This means that language can also differ along gender lines. In a paper that is often assigned in introductory anthropology courses, Daniel Maltz and Ruth Borker discuss the reasons for “male-female miscommunication.” Rather than looking to psychological differences between the sexes to explain differences in communication styles, Maltz and Borker think we should be discussing sociolinguistic subcultures, or the culturally-influenced differences between men’s and women’s approaches to communication. They suggest that women tend to use language to negotiate and express relationships; we tend to use a lot of personal and inclusive pronouns, interject questions and comments in order to show interest; and we are concerned with making segues between topics. On the other hand, jokes and stories are highly valued in men’s speech; loud and aggressive speech is common; and put-downs and insults are normal ways of talking with friends.

What about actual gendered words and phrases? Sure, English, like many languages, has masculine and feminine pronouns, as well as gendered nouns for various relationships and occupations. But we also have more subtly gendered vocabulary, as illustrated in the quote above: we praise our strong boys and our pretty girls. Two researchers at the Center for Mind/Brain Sciences at the University of Trento (Italy) recently decided to empirically test the question of whether there is a gender bias in what women and men talk about. Their goal was not anthropological, but rather computational - to find a way to model “common sense knowledge” as part of the eventual perfection of artificial intelligence (Herdağdelen & Baroni 2011):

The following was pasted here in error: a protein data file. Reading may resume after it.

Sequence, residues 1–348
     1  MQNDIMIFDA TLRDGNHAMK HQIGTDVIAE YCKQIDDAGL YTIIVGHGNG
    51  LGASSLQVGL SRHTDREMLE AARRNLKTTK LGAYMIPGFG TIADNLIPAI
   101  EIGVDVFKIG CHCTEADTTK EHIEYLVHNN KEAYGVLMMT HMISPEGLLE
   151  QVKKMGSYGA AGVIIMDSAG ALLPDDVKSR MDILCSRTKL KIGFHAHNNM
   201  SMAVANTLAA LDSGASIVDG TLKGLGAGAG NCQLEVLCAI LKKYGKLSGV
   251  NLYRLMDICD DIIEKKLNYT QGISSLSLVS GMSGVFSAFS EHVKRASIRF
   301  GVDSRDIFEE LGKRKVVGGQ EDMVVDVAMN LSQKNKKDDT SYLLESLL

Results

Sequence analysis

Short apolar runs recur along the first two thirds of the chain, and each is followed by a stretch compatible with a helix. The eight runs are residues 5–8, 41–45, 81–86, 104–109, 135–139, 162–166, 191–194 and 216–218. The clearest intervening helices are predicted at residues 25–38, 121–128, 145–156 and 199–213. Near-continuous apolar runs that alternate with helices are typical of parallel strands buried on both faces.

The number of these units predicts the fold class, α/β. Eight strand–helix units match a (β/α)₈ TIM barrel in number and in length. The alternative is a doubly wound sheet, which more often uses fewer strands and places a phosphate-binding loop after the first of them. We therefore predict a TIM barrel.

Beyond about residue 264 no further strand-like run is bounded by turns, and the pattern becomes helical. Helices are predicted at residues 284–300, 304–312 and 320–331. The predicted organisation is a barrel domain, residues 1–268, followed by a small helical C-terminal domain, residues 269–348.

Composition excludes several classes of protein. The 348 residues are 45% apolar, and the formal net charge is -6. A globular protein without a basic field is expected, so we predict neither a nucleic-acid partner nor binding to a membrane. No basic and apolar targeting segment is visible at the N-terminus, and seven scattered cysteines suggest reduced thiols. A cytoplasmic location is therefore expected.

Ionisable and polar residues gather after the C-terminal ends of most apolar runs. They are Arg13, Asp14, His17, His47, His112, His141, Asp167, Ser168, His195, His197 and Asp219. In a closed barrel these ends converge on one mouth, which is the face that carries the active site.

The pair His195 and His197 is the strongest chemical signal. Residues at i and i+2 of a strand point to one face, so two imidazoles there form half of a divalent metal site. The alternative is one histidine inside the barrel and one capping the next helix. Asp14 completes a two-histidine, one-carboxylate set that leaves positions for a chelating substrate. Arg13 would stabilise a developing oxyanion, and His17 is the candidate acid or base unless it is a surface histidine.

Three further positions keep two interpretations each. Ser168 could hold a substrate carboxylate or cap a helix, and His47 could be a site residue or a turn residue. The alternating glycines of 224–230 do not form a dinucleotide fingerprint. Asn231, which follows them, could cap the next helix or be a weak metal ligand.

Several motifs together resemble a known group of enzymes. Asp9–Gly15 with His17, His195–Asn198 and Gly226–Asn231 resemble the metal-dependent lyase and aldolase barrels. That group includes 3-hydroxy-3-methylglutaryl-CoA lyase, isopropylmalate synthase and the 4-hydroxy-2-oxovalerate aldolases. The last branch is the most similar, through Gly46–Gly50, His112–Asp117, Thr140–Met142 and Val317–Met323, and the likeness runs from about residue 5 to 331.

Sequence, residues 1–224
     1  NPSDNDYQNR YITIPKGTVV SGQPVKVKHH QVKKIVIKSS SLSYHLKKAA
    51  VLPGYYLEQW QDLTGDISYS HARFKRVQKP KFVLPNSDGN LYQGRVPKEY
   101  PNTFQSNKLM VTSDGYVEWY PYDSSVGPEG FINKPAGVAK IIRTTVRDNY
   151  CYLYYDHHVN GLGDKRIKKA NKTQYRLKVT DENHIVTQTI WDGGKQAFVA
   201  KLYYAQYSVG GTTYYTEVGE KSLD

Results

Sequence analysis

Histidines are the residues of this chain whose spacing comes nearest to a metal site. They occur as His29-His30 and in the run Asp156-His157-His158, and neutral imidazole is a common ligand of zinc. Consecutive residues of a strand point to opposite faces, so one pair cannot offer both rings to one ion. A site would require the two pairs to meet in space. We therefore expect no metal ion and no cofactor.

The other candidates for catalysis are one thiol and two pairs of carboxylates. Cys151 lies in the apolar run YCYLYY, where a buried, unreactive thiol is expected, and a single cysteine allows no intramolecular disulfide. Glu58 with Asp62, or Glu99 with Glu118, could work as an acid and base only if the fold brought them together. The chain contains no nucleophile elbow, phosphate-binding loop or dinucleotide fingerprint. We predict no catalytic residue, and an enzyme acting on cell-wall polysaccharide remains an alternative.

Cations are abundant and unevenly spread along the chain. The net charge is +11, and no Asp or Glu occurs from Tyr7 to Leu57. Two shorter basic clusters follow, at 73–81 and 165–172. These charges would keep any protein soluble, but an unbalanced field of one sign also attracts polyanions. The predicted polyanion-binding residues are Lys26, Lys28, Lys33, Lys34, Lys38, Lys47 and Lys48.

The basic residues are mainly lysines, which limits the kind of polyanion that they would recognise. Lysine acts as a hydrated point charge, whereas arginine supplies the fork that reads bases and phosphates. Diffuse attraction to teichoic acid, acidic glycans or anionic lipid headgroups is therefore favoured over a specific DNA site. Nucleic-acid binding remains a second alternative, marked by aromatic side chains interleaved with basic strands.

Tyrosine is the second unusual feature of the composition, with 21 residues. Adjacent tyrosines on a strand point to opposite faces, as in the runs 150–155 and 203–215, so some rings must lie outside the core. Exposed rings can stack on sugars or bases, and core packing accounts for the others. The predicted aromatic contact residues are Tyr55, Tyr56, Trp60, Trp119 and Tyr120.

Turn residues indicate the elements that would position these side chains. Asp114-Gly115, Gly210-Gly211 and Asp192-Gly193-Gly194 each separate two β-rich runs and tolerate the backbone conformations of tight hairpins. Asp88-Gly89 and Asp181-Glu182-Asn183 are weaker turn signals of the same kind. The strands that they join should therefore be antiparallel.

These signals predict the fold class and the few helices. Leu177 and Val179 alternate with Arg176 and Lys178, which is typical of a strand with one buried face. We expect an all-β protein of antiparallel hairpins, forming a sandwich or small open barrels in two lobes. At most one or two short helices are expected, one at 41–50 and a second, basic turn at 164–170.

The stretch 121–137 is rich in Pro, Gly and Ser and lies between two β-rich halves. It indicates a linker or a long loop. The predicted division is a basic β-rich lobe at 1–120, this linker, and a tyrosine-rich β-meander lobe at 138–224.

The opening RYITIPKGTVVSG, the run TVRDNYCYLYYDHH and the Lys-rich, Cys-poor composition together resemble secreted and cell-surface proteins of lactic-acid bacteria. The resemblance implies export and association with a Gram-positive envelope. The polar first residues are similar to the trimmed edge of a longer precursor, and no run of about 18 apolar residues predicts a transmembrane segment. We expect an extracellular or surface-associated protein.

Common sense knowledge consists of the simple facts that nearly every person knows but almost never states explicitly because of the very assumption that it is already shared by everyone. Some examples are that mountains are taller than buildings, grocery has a price, or rivers flow downhill. The assumption that common sense knowledge is shared is what allows us to communicate with other people and interact with our surroundings in an efficient and natural way. Therefore, an AI system needs to possess common sense if it aims to interact with people in a natural way.That is, we have all been enculturated into a particular way of life, and we expect people of different ages, occupations, and genders (among other qualities) to interact with us in different ways: